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#LagosAt50: Six facts you should know about Eyo Festival

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#LagosAt50: Six facts you should know about Eyo Festival



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Eyo festival holds this weekend

Ever seen the white Lagos masquerades, known as the Eyo masquerades? If you haven’t, here’s your chance to see and learn more about the Yoruba festival indigenous to Lagos state.

The Eyo festival also known as the Adamu Orisa will be celebrated this Saturday, May 20, 2017 as part of the activities for its 50th anniversary.

For anyone planning to attend the free event, here are six important facts to note:

 

In ancient times, the Eyo festival was held to escort souls of the departed King of Lagos/Chief, or to usher in a new King.

Eyo masquerades

 

The first procession in Lagos was on February 20, 1854, to commemorate the life of Oba Akintoye.

 

 

They are costumed dancers who represent the spirit of the dead and are referred to in Yoruba as ‘Agogoro’, they come out during the festival dressed in white regalia and carrying white staff (opambata).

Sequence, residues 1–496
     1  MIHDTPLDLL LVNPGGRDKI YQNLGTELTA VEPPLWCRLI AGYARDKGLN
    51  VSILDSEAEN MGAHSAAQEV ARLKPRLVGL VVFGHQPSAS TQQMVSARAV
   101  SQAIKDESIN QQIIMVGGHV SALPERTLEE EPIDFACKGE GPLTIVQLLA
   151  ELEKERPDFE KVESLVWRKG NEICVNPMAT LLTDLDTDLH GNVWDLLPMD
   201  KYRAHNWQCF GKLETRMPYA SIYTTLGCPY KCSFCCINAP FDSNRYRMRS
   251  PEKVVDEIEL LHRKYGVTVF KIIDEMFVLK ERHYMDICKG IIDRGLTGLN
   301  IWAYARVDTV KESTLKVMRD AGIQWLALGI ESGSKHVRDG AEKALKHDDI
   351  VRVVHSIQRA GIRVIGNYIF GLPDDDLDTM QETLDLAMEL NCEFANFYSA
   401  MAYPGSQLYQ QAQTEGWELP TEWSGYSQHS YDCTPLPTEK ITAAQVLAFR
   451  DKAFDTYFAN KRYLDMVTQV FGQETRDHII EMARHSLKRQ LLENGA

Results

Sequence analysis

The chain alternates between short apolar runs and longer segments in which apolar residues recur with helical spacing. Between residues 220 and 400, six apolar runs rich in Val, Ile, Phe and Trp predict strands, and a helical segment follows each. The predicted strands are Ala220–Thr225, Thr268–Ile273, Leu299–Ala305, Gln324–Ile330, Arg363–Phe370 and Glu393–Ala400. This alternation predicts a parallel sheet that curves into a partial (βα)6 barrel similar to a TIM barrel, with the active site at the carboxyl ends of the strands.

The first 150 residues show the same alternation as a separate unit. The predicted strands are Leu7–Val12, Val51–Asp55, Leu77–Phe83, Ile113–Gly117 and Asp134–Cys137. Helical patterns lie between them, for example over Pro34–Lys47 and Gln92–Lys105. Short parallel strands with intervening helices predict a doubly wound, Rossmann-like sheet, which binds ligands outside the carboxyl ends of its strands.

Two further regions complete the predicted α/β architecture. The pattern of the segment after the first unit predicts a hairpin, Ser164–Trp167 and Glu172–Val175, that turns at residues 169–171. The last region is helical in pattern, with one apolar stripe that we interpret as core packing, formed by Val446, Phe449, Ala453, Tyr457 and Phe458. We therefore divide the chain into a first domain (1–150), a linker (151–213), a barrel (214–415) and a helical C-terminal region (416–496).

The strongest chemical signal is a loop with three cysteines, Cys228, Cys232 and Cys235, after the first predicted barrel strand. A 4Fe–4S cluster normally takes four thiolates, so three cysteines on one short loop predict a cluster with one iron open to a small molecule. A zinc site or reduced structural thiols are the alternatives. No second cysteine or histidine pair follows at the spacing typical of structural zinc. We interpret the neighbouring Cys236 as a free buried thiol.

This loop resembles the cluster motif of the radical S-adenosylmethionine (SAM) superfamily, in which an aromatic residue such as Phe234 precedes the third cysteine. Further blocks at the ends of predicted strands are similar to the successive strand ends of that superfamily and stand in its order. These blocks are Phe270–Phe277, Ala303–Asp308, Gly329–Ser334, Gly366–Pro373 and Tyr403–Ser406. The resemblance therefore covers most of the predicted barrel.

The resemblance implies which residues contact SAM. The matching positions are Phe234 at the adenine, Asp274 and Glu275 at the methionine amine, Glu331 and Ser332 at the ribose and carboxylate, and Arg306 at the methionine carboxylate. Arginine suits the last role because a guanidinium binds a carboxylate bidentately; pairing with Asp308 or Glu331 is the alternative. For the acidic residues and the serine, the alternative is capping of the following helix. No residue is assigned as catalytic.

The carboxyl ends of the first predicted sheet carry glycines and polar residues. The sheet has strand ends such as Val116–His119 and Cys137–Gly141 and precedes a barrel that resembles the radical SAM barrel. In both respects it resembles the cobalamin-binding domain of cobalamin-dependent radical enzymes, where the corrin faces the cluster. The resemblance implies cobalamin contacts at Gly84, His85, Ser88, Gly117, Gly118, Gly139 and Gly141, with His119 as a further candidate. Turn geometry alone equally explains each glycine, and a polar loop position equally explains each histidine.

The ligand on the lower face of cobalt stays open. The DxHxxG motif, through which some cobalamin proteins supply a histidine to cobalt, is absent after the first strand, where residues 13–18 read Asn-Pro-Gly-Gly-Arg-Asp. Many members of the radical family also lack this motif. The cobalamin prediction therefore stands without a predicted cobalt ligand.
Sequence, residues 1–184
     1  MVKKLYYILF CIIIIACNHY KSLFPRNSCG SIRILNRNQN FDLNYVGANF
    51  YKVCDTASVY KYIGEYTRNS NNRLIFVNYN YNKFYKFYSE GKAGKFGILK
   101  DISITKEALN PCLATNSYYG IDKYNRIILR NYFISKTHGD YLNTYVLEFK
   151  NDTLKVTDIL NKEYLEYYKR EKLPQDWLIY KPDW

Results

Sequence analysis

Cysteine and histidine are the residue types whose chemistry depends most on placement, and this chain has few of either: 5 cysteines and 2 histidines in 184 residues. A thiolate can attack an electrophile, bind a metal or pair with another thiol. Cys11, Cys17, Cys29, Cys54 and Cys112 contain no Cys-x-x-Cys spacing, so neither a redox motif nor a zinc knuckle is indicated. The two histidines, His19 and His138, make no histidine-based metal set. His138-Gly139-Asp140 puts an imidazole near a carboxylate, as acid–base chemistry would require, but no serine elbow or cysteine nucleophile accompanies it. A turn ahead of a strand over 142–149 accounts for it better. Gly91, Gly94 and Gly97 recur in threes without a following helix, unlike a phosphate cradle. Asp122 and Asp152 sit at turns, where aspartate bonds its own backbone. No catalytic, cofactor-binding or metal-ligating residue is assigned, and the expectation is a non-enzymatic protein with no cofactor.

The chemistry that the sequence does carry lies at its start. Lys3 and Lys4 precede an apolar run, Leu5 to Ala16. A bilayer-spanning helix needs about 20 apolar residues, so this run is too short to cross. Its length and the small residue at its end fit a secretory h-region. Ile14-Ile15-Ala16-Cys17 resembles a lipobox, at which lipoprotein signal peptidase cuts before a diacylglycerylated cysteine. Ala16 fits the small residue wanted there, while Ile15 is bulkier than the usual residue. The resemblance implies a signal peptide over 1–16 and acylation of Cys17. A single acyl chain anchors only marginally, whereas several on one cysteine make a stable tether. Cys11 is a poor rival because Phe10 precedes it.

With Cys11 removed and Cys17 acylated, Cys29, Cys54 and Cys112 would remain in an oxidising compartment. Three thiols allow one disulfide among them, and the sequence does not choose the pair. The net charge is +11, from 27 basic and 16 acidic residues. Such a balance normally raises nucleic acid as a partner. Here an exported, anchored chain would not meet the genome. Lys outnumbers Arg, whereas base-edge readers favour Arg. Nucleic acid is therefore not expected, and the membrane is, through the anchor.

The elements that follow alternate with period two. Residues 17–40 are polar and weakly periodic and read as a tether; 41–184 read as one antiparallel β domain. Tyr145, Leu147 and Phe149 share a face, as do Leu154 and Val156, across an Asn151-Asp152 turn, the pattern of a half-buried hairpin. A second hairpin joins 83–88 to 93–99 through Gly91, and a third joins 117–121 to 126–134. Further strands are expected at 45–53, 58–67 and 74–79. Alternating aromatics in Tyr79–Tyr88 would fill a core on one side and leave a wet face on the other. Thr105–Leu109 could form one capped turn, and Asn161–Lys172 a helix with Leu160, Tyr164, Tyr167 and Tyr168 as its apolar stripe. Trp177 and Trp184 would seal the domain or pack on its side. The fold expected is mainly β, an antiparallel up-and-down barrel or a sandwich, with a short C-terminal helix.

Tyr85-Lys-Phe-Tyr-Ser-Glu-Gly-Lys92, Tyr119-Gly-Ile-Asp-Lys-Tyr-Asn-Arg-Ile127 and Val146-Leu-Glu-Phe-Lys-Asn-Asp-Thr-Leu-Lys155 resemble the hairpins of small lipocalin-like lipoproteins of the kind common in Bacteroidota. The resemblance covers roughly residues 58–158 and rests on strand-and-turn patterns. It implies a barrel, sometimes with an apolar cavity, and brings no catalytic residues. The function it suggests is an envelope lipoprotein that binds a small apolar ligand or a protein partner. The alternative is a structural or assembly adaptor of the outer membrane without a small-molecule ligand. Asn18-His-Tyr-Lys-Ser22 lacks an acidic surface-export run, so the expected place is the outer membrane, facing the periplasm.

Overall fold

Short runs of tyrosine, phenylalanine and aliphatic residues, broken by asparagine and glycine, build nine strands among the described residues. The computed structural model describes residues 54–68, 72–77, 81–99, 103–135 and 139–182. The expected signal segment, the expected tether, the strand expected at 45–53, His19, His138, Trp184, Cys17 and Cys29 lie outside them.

Eyo
Masquerades at TBS

 

On Eyo day, the main highway in the heart of Lagos from the end of Carter bridge to Tinubu square is closed to traffic , this allows procession from Idumota to the Iga Iduganan palace.

 

 

Eyo festival, which is now held mostly as a tourist event, has become one of the foremost Festivals in Nigeria and it is also the cultural monument of Lagos.

The Eyo festival remains one of Lagos’ most popular attractions

 

Certain activities and items like Shuku hairstyle, smoking, riding of bicycles and okada, headgear (for men and women), photographs and selfies are forbidden for attendees during the Eyo Festival.

 

Nigeria News.




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